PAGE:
Archive for the ‘ Exchange ’ Category

Dude, what is my UPN… or wait… is it an email address?

On several several several occasions I have been asked by confused customers about UPN renames and email address changes during initial Office 365 ADFS farm setup and directory clean-up effort. Today’s question produced a little story, which I wanted to share in attempt to demystify email and UPN correlation when ADFS is in the mix

Let’s start with defining constants

User Principal Name (UPN) is a single-value attribute [in AD attribute name is ‘userPrincipalName’] and to confuse you even further in ADUC UI is it not presented as a single-field attribute, but rather split into two parts with a drop-down to select the ‘right’ part, which is your AD domain name and possible additional suffixes, and string value that you can enter manually on the left. ADUC often “suggests” to use value of sAMAccountName that is listed in ADUC UI as “pre-Windows 2000 logon name”, yet you are free to type whatever you wish to type or leave that field/attribute blank all together.

Proxy Addresses is a multi-valued attribute [AD attribute name is ‘proxyAddresses’] . It is an extended attribute, which you will only have if you have extended AD schema while installing Exchange Server. Some version of ADUC UI can display it, some can’t, however it’s easy enough to use PowerShell or ADSI editor to see/edit the value of that and other attributes. Of course, you also have an option to use Exchange 2007/2010 console, which exposes many Exchange-related attributes as well.

that proxyAddresses attribute contain more than just SMTP addresses and that formatting (including capitalization) is important for values of that attribute. For example capitalized prefix 'SMTP:' signifies that address is “primary”, and non-capitalize value 'smtp:' signifies that address is an additional address. You can only have one primary address, and as many secondary addresses as you wish. Since it is an Exchange attribute, Exchange Management Console is taking care of uniqueness verification when you set values for that attribute with the console. However, if and when you will modify that attribute directly in AD (outside of Exchange Management Console) you will need to ensure that uniqueness and formatting of that attribute is preserved. Failure to do so will likely to result in NDRs. Active Directory by itself will be happy to accept any values to store in the attribute, since it defined simply as multi-valued string. In other words, AD will not save you from being negligent.

Confusion of those attributes (along with ‘mail‘, ‘targetAddress‘ and sometimes mail alias aka ‘mailNickName‘ and ‘sAMAccountName‘) is relatively common occurrence, as the value of those attributes is often (but not necessarily) the same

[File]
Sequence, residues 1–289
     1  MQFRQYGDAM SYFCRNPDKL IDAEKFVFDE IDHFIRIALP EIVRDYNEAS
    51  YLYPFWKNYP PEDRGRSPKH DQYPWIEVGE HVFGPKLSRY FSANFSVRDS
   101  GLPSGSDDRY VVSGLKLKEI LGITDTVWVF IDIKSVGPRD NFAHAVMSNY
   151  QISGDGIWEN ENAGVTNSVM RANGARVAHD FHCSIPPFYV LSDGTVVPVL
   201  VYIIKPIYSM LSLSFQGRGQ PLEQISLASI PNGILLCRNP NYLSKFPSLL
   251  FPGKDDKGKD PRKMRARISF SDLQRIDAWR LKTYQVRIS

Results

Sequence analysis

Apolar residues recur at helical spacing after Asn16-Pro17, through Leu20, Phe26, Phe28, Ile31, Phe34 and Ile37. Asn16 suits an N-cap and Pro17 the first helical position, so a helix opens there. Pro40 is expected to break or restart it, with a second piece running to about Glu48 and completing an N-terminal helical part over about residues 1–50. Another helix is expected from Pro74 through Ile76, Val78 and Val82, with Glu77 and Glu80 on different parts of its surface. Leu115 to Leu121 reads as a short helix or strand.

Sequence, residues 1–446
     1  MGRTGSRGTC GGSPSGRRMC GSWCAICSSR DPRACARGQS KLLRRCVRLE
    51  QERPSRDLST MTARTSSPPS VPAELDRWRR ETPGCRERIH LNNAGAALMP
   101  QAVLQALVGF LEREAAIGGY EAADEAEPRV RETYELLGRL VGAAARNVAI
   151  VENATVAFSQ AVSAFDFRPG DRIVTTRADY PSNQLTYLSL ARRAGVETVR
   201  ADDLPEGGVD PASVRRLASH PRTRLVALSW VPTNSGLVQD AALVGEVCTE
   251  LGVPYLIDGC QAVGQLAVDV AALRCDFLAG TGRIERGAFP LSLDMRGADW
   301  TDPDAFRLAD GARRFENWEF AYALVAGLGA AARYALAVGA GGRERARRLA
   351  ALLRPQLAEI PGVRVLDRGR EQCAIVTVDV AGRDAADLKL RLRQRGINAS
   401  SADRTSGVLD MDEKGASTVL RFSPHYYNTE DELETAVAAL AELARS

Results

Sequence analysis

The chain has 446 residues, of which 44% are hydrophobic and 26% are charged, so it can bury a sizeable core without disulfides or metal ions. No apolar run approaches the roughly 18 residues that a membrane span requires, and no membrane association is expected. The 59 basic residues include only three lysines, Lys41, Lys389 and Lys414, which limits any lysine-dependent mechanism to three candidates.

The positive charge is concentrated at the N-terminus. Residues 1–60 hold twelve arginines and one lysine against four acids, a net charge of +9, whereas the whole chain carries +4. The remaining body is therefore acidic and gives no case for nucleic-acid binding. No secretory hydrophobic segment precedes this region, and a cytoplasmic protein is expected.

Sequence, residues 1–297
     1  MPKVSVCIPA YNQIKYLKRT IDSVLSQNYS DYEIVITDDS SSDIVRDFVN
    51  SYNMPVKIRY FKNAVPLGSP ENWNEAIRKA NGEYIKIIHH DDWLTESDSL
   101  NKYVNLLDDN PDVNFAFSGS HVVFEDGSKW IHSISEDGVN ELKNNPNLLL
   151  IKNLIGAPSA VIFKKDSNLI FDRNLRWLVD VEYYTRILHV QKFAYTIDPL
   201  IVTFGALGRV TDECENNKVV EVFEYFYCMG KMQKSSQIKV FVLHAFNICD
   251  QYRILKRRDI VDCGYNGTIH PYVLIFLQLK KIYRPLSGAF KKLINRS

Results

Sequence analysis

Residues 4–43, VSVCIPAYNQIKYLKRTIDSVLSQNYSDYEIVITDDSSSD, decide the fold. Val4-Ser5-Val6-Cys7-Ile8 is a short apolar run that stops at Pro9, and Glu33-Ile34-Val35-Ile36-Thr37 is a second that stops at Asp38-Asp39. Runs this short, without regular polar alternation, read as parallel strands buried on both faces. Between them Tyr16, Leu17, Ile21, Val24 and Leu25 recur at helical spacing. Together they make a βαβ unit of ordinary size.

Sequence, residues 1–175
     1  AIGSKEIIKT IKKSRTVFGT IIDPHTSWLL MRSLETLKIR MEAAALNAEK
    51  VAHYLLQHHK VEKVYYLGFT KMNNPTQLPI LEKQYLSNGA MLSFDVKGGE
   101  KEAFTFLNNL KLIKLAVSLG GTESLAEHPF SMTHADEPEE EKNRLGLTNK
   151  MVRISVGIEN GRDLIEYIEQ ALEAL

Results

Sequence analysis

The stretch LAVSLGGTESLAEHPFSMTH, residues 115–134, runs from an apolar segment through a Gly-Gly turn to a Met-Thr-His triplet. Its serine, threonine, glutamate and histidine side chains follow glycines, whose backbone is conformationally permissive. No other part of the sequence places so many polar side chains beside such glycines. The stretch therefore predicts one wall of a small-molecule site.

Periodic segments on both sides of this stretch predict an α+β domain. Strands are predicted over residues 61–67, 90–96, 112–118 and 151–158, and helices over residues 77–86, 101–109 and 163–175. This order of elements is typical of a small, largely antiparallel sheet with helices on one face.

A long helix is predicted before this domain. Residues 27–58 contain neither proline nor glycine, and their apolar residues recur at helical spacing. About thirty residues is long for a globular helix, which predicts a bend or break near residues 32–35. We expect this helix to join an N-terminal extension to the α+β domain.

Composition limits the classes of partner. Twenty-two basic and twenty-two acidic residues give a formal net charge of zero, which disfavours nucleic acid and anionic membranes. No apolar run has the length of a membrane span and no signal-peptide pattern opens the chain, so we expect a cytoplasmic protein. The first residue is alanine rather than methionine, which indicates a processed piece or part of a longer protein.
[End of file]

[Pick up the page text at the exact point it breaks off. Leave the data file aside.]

UPN and Office 365 Federation

Organizations need to update their user’s UPN to be publicly “routable” in order to establish federated partnership with Office 365. There is no “adding” of a secondary value possible, since userPrinciplaName is a single-value attribute [attribute definition].

Simple PowerShell script can replace user’s UPNs in a few minutes, if/when desired.


Some of your existing applications could use UPN to tie-in to a user account in AD, which is a theoretical possibility; therefore changing UPN _could_ break that/those application(s), and therefore you should perform some analysis/testing of internal infrastructure to see whether UPN rename will work with all of your key applications without re-configuration of dependencies. If no dependencies identified the rename of UPN is fast and easy operation to perform. Quick Bing search will provide you with more PowerShell scripts on your hands that than you care to have. 🙂

Proxy Addresses

Aforementioned “ProxyAddresses” attribute could come into play if and when old UPN value was ALSO one of the routable email addresses. That is where confusion most often occurs.


Bear with me, since it is a long story:

  • Let’s say that I am working for Contoso where my UPN is AND my primary email address is also happens to have the value of
  • At one fine day Contoso was purchased by Fabrikam (my heart goes out for those laid-off Contoso employees) and Fabrikam’s IT decided to go to the cloud and got themselves an Office 365 with ADFS deal
  • To “normalize” their joined AD infrastructure they’ve added” as one of the available suffixes to an existing Contoso’s AD and now they want to rename every account in Contoso’s AD to have UPN suffix So they performed the actual rename of existing UPNs with the PowerShell script…
  • The Fabrikam’s half of the company needs no change – they will likely to have their UPN and their primary SMTP match. It will look something like
  • The ex-Contoso half is not so lucky. I have my UPN renamed from to however my primary SMTP remained to be
  • Technically, there is nothing wrong with that scenario. As an ex-Contoso employee I still can login into my mailbox with my UPN; It just so happened that UPN value is _formatted_ the same way as an email address value; it doesn’t have to be equal to my email address. In fact, by itself UPN have nothing to do with my email at all. Yet, I have to use it to login into my new Office 365 mailbox via ADFS. Will I be confused about it? You bet! I’ll be screaming at those IT people who can’t stop changing things on me. Damn you IT department, why can’t you leave me alone?